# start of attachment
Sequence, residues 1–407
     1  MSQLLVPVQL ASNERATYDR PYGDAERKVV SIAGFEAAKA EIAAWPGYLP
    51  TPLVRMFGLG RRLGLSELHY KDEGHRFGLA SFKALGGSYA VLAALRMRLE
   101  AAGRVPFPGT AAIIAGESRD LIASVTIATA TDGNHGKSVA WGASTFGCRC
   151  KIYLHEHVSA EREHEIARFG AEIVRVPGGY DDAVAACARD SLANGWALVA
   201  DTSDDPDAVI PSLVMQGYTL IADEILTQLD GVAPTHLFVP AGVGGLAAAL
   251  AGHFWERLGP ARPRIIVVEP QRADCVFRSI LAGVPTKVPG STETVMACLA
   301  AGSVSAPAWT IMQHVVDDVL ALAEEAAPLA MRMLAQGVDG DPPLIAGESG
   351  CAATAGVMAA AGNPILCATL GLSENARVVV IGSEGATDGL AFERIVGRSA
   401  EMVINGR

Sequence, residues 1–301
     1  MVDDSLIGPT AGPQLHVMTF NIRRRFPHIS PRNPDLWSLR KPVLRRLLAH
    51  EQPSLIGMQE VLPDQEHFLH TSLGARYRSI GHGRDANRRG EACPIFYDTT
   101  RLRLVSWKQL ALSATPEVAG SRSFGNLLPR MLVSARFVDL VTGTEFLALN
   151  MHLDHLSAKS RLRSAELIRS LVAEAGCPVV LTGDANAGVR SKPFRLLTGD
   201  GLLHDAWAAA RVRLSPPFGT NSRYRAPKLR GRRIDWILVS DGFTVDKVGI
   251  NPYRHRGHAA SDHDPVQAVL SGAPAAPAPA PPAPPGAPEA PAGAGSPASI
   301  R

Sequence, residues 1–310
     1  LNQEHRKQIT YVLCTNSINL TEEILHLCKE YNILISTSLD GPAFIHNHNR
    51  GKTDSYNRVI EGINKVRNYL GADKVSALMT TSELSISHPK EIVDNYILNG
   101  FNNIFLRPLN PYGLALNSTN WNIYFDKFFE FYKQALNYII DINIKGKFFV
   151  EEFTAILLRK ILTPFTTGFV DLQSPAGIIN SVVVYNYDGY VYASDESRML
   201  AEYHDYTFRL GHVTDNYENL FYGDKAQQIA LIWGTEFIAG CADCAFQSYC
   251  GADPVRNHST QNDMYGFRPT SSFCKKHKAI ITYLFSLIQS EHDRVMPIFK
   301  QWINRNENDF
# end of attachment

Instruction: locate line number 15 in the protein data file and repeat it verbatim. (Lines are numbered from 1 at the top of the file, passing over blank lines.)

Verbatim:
   151  MHLDHLSAKS RLRSAELIRS LVAEAGCPVV LTGDANAGVR SKPFRLLTGD